As the great American humourist Will Rogers said, “Diplomacy is the art of saying, ‘Nice doggie’ until you can find a rock.” There are a lot of other pertinent definitions for the impertinent. Diplomacy is “the art of nearly deceiving all your friends but not quite deceiving all your enemies”. Some are even more forthright. “Diplomacy is lying in state.” An Indian diplomat, K.M. Pannikar, advised, “If an ambassador says yes, it means perhaps; if he says perhaps, it means no; if he ever said no, he would cease to be an ambassador.” Other definitions include: “A true diplomat is someone who can tell you to go to hell in a way that makes you look forward to the trip”, “Diplomacy is letting someone else have your own way”, and “A diplomat is a person who can step on someone’s toes without spoiling the shine of their shoes.”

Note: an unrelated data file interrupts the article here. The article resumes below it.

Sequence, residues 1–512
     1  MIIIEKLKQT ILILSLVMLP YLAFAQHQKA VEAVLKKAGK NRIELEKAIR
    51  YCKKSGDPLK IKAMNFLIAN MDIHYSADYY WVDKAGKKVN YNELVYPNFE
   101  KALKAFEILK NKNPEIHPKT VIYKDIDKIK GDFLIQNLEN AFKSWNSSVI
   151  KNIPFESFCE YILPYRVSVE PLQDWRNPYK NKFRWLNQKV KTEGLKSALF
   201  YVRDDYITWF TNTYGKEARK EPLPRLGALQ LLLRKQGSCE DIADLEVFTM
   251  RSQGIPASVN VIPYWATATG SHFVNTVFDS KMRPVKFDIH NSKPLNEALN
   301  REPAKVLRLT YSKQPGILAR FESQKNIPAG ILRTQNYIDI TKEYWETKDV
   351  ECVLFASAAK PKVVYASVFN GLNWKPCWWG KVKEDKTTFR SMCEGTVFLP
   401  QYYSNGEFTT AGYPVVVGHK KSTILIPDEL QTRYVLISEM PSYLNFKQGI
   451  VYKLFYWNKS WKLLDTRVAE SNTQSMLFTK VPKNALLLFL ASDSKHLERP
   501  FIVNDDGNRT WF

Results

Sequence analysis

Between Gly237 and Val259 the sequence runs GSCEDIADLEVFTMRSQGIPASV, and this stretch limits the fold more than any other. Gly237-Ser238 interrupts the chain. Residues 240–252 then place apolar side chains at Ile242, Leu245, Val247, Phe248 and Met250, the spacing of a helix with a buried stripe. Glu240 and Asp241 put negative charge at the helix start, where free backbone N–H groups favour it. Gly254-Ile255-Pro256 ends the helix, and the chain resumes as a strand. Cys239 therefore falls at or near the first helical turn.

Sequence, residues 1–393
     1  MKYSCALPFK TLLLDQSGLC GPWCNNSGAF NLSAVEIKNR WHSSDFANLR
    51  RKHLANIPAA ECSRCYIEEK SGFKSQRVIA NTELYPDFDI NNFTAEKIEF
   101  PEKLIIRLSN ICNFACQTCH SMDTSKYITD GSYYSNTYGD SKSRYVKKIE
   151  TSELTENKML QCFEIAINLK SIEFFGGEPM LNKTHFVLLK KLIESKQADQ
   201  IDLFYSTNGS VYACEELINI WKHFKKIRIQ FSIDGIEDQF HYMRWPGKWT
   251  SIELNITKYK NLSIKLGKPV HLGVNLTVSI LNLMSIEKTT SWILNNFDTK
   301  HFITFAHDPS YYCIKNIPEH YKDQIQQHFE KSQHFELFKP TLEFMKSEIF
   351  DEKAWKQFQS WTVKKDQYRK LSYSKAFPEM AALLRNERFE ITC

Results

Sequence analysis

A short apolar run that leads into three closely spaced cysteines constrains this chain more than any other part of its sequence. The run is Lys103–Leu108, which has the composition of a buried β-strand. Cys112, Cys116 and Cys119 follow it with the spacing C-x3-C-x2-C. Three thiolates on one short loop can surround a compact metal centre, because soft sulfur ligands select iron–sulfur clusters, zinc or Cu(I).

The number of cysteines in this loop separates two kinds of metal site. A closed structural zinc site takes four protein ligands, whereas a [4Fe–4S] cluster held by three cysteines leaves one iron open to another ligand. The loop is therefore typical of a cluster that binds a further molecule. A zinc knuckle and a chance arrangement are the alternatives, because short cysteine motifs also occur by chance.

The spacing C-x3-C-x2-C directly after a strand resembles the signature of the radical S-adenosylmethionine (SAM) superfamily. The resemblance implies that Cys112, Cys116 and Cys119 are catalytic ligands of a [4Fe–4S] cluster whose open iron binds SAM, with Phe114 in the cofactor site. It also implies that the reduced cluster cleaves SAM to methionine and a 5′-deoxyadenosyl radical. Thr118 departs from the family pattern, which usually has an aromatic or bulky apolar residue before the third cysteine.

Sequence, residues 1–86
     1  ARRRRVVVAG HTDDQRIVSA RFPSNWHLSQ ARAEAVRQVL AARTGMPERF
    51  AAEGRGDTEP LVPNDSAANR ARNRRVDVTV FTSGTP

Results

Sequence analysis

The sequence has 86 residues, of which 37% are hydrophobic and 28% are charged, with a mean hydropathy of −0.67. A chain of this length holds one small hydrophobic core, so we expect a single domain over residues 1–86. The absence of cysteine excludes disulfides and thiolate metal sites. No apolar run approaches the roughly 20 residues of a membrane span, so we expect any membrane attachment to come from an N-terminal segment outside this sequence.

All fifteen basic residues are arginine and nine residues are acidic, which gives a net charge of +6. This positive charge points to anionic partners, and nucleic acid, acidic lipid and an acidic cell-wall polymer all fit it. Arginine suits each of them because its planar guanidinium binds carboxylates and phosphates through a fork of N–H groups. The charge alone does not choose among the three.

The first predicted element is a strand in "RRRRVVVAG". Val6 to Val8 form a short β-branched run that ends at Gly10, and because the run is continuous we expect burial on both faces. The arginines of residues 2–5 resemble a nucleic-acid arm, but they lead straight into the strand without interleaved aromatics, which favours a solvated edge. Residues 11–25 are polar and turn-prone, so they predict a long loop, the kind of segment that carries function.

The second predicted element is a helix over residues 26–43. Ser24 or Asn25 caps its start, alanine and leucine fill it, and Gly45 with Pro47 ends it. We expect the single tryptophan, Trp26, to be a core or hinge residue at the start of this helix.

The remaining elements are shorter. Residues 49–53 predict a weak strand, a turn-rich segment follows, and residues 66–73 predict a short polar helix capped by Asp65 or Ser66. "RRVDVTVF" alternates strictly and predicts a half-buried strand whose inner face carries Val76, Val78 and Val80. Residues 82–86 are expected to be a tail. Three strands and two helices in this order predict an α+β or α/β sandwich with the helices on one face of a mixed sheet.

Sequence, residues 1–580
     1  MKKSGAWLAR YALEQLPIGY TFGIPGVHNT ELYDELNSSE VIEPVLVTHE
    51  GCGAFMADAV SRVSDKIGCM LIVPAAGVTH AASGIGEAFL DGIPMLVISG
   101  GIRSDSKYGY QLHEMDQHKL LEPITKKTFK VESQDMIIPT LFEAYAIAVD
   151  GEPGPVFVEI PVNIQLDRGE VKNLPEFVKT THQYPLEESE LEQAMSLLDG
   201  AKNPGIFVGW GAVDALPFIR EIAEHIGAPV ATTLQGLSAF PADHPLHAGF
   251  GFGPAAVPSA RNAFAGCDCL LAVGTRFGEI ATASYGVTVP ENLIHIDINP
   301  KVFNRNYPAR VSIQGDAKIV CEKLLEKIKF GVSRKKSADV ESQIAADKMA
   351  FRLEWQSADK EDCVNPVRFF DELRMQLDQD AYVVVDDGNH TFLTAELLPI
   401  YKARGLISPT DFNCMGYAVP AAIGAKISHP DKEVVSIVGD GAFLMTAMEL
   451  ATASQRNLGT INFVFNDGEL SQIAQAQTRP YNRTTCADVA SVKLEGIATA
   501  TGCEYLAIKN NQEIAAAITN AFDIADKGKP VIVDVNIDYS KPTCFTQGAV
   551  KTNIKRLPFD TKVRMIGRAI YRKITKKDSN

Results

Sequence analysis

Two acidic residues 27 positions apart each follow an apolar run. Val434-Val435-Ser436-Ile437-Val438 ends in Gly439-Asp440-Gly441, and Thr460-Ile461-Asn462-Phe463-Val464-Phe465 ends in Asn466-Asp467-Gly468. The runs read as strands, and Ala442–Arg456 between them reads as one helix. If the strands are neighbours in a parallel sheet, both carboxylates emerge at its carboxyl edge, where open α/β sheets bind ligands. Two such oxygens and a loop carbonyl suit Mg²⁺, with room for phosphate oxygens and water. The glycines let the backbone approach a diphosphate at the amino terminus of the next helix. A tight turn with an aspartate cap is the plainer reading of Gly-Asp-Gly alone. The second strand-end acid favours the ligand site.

REFINED LANGUAGE OF DIPLOMACY
The British have refined the language of diplomacy into an art form. When British diplomats tell you, “I hear what you say,” they mean, “I disagree and do not want to discuss it further.” Worse, “With the greatest respect,” a phrase that the present Trinidad minister of foreign affairs must hear often, means, “I think you’re an idiot”. When the response is, “Very interesting,” you’re actually being told, “That is clearly nonsense.” When they are at their most urbane and tell you, “Correct me if I’m wrong,” what they really mean is, “I’m right. Don’t contradict me.”